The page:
I am on a zero lot line with a maintenance access right of way. My neighbours replaced the fence which came off the back corner of my house both to the back fence and across to their house. Instead of putting the front facing fence with the gate in the same place they moved it half way up the side of my garage, (which is right on the mainteance access line). Now half of the side of my garage is fenced off into their yard. They said the will unattach it from my siding but want to leave it right beside my siding. I was under the impression there is a 3 ft rule or 'code' that would prohibit this. When I did the fence on the other side the guy who built it made sure it was 3 feet from my neighbours siding. Can anyone direct me where I can get this information? I've called 311 and City planning but they said they don't address fences. Maybe I got the wrong office? Surely there must be a rule about how close you can have anything to your neighbours house...right of way or not. Appriciate any and all advice please and thank you!
You got the correct information from the City. The Building Code does not address fences with some exceptions: i.e. a non-climbable fence is required if you have a pool (or any body of water 2' in depth), in which case it just talks about minimum height (of 6'); also a situation where a fence may be required to act as a guard if there is a difference in elevation of over 2' (for example if a fence is being used to guard an entrance step and landing) in which case the Code only talks about required height and strength to act as a guard.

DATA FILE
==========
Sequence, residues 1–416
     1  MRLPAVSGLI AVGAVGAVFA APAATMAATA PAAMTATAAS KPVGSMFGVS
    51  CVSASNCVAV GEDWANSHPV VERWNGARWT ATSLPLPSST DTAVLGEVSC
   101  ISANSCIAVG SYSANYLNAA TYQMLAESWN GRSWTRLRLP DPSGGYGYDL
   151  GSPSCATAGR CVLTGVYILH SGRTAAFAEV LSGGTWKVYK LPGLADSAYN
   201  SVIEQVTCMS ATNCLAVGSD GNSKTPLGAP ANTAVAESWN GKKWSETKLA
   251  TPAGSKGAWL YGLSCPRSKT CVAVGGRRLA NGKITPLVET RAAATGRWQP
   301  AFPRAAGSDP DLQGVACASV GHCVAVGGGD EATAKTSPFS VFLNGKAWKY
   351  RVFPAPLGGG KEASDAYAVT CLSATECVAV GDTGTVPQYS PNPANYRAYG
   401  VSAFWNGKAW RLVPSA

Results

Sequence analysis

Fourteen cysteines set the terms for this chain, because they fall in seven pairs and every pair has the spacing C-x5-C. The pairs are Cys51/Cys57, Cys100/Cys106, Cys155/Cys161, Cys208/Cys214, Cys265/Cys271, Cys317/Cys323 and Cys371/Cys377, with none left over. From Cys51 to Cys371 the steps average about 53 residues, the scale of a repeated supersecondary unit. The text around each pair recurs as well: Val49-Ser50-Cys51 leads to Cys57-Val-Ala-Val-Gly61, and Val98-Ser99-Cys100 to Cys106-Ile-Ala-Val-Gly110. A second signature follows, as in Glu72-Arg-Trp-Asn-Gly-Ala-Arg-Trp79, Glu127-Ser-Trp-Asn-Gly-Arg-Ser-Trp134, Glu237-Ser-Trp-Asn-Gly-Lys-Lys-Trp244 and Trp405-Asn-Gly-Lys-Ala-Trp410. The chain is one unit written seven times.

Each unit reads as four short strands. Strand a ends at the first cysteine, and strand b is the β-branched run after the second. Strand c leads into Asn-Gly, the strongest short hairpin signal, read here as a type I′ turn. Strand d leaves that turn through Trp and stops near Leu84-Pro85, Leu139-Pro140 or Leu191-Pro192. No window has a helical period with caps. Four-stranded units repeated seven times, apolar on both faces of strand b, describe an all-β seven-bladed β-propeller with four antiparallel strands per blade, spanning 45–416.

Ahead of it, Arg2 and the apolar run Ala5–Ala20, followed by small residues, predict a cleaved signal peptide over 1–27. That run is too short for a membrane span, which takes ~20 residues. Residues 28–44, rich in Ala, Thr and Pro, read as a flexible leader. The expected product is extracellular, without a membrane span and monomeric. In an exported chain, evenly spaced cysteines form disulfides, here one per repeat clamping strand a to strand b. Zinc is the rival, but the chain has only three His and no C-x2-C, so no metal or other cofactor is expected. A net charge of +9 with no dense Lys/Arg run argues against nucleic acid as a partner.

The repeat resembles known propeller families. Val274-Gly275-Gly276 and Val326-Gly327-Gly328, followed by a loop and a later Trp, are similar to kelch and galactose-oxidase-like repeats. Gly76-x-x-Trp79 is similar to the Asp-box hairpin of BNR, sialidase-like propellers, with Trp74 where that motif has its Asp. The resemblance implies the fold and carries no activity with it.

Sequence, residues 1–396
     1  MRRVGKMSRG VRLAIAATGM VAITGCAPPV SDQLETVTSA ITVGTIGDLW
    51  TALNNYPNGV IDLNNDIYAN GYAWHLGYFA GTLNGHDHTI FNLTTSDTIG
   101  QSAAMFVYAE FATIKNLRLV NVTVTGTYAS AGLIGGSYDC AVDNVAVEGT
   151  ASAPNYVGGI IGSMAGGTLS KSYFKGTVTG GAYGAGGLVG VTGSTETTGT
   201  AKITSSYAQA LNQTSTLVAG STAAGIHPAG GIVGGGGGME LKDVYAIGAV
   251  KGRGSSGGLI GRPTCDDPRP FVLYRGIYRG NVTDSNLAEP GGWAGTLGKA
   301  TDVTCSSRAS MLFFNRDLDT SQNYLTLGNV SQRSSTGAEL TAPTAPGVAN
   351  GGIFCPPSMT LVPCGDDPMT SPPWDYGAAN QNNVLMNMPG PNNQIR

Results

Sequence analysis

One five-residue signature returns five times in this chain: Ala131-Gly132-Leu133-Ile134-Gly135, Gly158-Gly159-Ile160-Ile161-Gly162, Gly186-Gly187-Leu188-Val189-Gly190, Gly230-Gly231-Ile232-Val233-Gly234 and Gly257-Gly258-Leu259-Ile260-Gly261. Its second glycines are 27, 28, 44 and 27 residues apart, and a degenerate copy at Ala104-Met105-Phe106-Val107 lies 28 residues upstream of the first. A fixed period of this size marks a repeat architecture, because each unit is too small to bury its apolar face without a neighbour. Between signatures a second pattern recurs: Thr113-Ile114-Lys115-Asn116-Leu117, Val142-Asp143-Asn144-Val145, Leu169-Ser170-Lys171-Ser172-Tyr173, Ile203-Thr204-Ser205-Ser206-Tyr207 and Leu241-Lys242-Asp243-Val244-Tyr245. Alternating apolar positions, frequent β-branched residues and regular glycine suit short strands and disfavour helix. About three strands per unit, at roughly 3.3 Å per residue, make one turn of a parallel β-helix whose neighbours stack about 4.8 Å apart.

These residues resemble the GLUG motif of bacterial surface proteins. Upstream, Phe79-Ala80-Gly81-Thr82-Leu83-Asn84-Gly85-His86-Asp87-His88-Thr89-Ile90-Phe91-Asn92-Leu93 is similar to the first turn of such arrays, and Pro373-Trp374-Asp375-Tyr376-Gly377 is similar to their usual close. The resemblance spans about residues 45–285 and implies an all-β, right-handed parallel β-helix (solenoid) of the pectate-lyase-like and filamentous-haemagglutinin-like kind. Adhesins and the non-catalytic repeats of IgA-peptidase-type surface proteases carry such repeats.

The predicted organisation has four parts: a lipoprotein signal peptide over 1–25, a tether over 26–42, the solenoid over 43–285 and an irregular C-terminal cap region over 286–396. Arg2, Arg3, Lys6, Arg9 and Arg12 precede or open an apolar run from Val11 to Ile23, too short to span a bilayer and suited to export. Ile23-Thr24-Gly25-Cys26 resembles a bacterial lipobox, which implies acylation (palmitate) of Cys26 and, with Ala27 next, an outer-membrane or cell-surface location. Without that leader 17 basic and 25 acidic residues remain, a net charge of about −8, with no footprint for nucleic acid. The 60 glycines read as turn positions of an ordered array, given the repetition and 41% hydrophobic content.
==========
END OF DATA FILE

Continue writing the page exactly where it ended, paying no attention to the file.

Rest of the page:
Development regulations deal with fencing and impose height limits depending on where the fence is (i.e. front vs. back yard) and rules of not using fences (fence posts) as part of a retaining wall.
The reason fencing is not addressed in the Code is that first off a fence doesn't fall under the definition of a building (unless for example the fence posts were also supporting a building). Retaining walls are likewise not addressed in the Building Code.
Hope this helps.
Ian Derksen - Building Safety Codes Officer (SCO)
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